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Uncomplicated Nausea and Vomiting in the Emergency Department

This study has been completed.
Information provided by:
WellSpan Health Identifier:
First received: October 22, 2008
Last updated: June 27, 2012
Last verified: June 2012

October 22, 2008
June 27, 2012
November 2005
December 2006   (Final data collection date for primary outcome measure)
To delineate whether a high vs low dose of Ondansetron in better as opposed to an alternate medication -- Metoclopramide in the ED setting for uncomplicated nausea and vomiting. [ Time Frame: 30 minutes ]
Same as current
Complete list of historical versions of study NCT00778011 on Archive Site
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Uncomplicated Nausea and Vomiting in the Emergency Department
Ondansetron 4 mg vs. 2 mg vs. Metoclopramide 10 mg for Nausea and Vomiting in the Emergency Department: A Randomized, Double-Blind Clinical Trial
Nausea and vomiting is a common complaint in the emergency department. Treatment is important for many reasons. In addition to patient comfort, there are adverse effects secondary to vomiting such as dehydration, metabolic alkalosis, Mallory-Weiss tears, and aspiration. Two mediations common used for nausea in ED patients include Ondanesetron and Metoclopramide.
This study will compare Ondansetron 4 mg vs 2 mg vs Metoclopramide 10 mg to look for efficacy in nausea and vomiting treatment for patients in the ED with many different causes. We will also look for cost effectiveness as well, since Metoclopramide is much less expensive than Ondansetron, which is less expensive at lower doses. There is little research about nausea medication in the ED literature even though these medications are used frequently in the ED for many causes of nausea.
Phase 4
Allocation: Randomized
Intervention Model: Parallel Assignment
Masking: Double Blind (Participant, Care Provider)
Primary Purpose: Treatment
  • Nausea
  • Vomiting
  • Drug: Ondansetron
    Other Name: Ondansetron 2 mg IV
  • Drug: Ondansetron
    4 mg
    Other Name: Ondansetron 4 mg IV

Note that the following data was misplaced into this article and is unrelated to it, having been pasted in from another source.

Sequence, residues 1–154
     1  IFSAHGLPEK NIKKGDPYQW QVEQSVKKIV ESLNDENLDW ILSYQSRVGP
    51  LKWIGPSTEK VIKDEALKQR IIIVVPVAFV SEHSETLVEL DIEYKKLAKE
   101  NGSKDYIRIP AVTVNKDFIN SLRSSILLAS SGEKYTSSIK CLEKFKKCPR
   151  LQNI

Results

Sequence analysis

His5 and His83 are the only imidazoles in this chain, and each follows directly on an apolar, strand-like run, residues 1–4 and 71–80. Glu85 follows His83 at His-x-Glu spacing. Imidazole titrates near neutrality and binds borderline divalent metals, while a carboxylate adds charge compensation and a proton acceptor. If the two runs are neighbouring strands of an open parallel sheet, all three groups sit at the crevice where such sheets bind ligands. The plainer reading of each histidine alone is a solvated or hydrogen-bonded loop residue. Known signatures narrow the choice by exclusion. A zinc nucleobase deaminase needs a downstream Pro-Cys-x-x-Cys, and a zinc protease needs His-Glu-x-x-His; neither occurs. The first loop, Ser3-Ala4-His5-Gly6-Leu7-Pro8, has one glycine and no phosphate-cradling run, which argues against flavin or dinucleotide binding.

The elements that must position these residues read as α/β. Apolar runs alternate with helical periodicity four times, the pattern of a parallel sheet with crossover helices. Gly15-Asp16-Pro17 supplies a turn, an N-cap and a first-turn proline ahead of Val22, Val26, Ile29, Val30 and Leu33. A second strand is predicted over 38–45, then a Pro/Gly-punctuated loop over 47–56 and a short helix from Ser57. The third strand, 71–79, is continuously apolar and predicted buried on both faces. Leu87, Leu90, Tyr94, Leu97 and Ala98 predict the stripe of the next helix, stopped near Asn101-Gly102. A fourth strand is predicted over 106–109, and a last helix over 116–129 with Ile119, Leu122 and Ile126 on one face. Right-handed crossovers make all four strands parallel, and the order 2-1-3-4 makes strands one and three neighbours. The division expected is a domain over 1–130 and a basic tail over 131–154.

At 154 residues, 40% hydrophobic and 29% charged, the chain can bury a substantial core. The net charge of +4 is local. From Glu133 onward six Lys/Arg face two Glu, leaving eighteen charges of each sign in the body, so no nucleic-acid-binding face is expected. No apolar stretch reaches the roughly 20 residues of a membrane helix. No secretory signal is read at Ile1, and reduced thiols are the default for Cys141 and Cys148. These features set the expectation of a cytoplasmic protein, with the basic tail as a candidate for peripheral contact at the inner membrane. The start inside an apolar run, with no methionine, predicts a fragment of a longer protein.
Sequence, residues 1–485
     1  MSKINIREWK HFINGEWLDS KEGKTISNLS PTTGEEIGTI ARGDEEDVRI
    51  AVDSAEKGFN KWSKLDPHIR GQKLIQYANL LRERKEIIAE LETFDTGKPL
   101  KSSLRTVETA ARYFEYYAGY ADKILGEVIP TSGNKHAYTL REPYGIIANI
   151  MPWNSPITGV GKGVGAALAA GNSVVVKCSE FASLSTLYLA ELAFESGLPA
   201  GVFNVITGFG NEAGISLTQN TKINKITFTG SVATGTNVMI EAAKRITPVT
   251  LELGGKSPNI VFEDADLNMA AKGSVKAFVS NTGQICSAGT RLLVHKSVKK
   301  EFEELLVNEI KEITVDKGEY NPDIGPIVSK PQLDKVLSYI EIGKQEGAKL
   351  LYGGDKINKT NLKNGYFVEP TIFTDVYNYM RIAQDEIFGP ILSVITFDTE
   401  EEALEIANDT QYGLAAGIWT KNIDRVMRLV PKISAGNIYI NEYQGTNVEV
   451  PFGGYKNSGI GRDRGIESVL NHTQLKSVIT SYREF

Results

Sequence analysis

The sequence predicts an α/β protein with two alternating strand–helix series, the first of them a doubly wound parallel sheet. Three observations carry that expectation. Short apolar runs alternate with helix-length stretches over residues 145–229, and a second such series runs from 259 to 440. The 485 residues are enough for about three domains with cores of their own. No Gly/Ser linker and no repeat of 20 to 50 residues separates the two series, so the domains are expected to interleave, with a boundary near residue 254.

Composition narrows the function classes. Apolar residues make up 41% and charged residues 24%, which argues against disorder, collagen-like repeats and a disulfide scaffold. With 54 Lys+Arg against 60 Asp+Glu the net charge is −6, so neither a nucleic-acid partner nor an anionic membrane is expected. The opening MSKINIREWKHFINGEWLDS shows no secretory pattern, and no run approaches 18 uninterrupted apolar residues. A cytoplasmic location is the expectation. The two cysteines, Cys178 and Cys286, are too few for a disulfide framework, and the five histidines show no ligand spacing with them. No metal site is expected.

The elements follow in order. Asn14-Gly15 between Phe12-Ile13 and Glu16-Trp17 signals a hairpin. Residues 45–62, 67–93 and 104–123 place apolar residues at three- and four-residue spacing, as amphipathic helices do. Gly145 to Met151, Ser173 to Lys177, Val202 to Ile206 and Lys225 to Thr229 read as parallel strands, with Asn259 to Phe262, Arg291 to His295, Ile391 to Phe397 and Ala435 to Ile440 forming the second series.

• Drug: Metoclopramide
    10 mg IV
    Other Name: Metoclopramide 10 mg IV
  • Active Comparator: 1
    Intervention: Drug: Ondansetron
  • Active Comparator: 2
    Intervention: Drug: Ondansetron
  • Active Comparator: 3
    Intervention: Drug: Metoclopramide
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*   Includes publications given by the data provider as well as publications identified by Identifier (NCT Number) in Medline.
December 2006
December 2006   (Final data collection date for primary outcome measure)

Inclusion Criteria:

  • 18 years or older with nausea and at least 1 episode vomiting in the last 12 hours presenting to the York Hospital Emergency Department

Exclusion Criteria:

  • Patients known to have hypersensitivity to the drugs ondansetron or metoclopramide
  • gastrointestinal hemorrhage, mechanical obstruction or perforation
  • patients with pheochromocytoma
  • seizure disorder
  • patients receiving other drugs which are likely to cause extrapyramidal reactions such as butapherones and phenothiazines
  • patients experiencing hyperemesis gravidum
  • patients unable to understand the informed consent (intoxicated, Spanish speaking)
  • prior antiemetics within 12 hours
  • inability to perform visual analog scale
  • renal dialysis
Sexes Eligible for Study: All
18 Years and older   (Adult, Senior)
Contact information is only displayed when the study is recruiting subjects
United States
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Marc Pollack, MD, PhD, York Hospital Emergency Medicine Physician
WellSpan Health
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Principal Investigator: Marc Pollack, MD, PhD York Hospital Emergency Department Physician
WellSpan Health
June 2012

ICMJE     Data element required by the International Committee of Medical Journal Editors and the World Health Organization ICTRP